What kind of veterinarian punches animals in the face? Or taunts them by growling at them? Or, worse yet, tightens his hand around a dog's neck until it loses consciousness?
A very, very bad one, obviously, and quite possibly one who's more than a little sick. Ferndale's Peter Rule might be just such a veterinarian, if the charges levied against him by the state Department of Health are true.
We wrote about Rule a couple of years ago in a cover story ("Just One of Those Things," Sept. 29, 2010) on pet owners who are taking veterinarians to court over perceived mistreatment of their beloved four-legged family members. In most of the cases described, pet owners simply claimed that their animals had not received adequate care. Sadism typically wasn't involved.
But Rule was a different story. In 2009, animal-rights lawyer Adam Karp filed a complaint with the DOH that cited employees of Rule who claimed that their boss deliberately manhandled animals. Here's what one staffer said, quoted in the complaint:
"Once, in or around 2007, a Chihuahua was terrorized in the cage by doctor. [Rule] was banging on the cage door, growling at the dog, jumping toward it, trying to get the dog worked up. When he pulled the dog out of the cage, it snapped and growled at Dr. Rule, who then started choking the dog on the table. The dog was lying on its side. He put his hand around the dog's neck and choked it to the point that it passed out. Dr. Rule said he learned this as a way to get an animal under control. I was shaking from witnessing this episode."
Finally, just last month, DOH's State Veterinary Board of Governors released a statement of charges that mirrors many of the claims in Karp's complaint. It accuses Rule of "physically and psychologically abusing patients."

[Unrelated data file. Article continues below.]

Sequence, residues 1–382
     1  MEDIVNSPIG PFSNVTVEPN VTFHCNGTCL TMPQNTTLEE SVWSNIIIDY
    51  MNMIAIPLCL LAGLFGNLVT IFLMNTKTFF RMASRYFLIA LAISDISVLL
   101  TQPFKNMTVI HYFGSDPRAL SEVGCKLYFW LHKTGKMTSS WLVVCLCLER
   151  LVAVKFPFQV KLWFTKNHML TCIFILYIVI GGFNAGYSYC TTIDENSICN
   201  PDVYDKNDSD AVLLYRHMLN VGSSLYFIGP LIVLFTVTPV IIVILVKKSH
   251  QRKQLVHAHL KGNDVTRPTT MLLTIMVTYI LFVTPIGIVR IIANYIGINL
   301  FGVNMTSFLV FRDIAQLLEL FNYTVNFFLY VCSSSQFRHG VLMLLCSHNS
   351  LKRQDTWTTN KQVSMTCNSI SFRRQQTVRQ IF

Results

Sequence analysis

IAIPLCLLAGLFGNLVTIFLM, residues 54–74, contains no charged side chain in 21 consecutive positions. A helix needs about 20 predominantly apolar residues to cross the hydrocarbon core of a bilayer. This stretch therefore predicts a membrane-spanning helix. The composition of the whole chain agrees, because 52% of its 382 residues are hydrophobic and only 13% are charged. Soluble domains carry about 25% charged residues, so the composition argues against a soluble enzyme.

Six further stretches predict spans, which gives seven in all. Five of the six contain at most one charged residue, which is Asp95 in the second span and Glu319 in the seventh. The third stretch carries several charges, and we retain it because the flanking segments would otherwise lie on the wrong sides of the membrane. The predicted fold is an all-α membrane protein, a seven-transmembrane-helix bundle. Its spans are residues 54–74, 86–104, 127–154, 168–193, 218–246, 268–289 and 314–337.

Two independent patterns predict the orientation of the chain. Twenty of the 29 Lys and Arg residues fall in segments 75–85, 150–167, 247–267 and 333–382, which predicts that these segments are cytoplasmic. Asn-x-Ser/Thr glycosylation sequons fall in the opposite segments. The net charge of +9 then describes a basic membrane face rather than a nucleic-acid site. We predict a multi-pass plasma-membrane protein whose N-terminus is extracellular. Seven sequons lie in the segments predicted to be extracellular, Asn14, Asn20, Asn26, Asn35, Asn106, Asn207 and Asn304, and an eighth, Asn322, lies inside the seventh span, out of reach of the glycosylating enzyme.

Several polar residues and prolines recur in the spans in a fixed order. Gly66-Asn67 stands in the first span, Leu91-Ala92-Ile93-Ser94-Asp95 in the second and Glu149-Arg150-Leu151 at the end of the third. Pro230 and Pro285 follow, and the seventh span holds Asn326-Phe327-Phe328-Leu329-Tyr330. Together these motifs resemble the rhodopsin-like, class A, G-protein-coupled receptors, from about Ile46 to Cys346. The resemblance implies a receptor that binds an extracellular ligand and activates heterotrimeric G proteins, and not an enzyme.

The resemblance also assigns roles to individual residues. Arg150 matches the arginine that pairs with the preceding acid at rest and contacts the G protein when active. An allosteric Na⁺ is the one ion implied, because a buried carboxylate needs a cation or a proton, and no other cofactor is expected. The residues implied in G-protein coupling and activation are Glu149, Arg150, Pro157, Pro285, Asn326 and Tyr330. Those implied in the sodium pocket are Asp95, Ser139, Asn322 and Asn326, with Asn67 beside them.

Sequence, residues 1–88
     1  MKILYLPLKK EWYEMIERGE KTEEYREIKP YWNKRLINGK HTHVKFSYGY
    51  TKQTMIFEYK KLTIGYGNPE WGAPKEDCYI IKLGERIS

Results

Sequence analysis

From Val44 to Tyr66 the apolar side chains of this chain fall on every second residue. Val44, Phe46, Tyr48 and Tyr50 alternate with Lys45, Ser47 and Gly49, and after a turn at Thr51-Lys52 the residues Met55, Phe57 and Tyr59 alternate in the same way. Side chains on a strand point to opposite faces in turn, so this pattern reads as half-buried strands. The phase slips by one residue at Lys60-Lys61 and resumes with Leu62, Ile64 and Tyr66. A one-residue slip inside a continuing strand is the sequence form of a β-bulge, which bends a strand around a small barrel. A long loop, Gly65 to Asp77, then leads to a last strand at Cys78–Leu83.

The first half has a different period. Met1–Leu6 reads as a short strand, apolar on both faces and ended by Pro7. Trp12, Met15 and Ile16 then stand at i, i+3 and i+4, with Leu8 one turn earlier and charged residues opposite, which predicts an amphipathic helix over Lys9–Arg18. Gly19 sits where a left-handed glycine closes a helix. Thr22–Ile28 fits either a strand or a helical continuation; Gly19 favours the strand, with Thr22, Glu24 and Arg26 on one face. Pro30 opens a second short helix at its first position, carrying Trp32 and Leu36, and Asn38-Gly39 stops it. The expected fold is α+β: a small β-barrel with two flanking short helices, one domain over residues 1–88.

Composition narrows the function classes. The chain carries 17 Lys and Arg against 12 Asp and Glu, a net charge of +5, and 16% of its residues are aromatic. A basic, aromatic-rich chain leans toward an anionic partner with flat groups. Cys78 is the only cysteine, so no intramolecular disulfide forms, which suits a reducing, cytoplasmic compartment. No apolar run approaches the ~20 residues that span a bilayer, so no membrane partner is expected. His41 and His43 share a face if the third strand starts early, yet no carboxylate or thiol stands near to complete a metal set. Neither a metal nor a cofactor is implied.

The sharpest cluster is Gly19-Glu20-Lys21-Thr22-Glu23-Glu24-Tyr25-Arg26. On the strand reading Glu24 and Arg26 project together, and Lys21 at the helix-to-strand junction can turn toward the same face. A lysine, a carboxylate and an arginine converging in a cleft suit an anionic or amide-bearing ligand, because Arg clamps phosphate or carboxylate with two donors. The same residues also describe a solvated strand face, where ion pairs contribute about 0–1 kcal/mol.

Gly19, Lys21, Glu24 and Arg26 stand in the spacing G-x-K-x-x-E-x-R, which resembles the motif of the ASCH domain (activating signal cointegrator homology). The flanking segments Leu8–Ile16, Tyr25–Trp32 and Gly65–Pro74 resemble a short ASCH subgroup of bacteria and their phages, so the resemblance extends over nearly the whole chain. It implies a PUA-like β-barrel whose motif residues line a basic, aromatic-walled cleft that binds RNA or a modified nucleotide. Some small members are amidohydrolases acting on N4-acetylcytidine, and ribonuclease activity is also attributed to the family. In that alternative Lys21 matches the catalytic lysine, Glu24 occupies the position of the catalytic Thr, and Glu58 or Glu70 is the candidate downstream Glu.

But that's not all. The board also says that Rule allowed, and in one case pressured, unlicensed assistants to perform surgery. That's strictly forbidden by DOH rules. Then again, Rule apparently wasn't so great at wielding the knife either. Accusing Rule of providing substandard care, the statement says that in one case, Rule nicked the spleen of a dog named Daisy. She started to bleed. Rule couldn't control it. And Daisy bled to death.
His surgical skills, not to mention his attitude toward his patients, might have something to do with his habit of dipping into the clinic's stock of the pain reliever Tramadol, according to employees cited in the statement of charges.
In a conversation with SW, Rule says that the accusations of abuse "grossly twisted what actually happened." In the incident with the Chihuahua, for instance, he says he was not choking the dog but merely holding the animal "in the only safe place" possible while putting a muzzle on it. The employee who said she had been traumatized by the alleged choking continued to bring her dog to him, Rule adds.
The veterinarian also denies letting assistants perform surgery, and says that while he at one point took Tramadol without a prescription, it did not interfere with his surgical performance.
"I'm not saying I don't make mistakes," he concedes—accepting responsibility, however, for the death of Daisy.